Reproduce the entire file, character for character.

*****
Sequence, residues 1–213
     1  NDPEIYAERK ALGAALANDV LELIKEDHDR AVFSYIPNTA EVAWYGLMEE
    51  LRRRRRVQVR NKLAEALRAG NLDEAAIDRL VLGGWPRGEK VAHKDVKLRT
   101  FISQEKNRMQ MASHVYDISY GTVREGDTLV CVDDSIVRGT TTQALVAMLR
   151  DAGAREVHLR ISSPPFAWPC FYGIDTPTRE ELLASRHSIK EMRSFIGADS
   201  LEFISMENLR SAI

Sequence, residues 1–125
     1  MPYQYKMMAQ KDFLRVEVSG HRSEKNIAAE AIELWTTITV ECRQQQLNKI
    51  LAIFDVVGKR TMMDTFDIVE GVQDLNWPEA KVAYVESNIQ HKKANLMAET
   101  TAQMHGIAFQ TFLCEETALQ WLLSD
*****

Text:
Sequence, residues 1–213
     1  NDPEIYAERK ALGAALANDV LELIKEDHDR AVFSYIPNTA EVAWYGLMEE
    51  LRRRRRVQVR NKLAEALRAG NLDEAAIDRL VLGGWPRGEK VAHKDVKLRT
   101  FISQEKNRMQ MASHVYDISY GTVREGDTLV CVDDSIVRGT TTQALVAMLR
   151  DAGAREVHLR ISSPPFAWPC FYGIDTPTRE ELLASRHSIK EMRSFIGADS
   201  LEFISMENLR SAI

Sequence, residues 1–125
     1  MPYQYKMMAQ KDFLRVEVSG HRSEKNIAAE AIELWTTITV ECRQQQLNKI
    51  LAIFDVVGKR TMMDTFDIVE GVQDLNWPEA KVAYVESNIQ HKKANLMAET
   101  TAQMHGIAFQ TFLCEETALQ WLLSD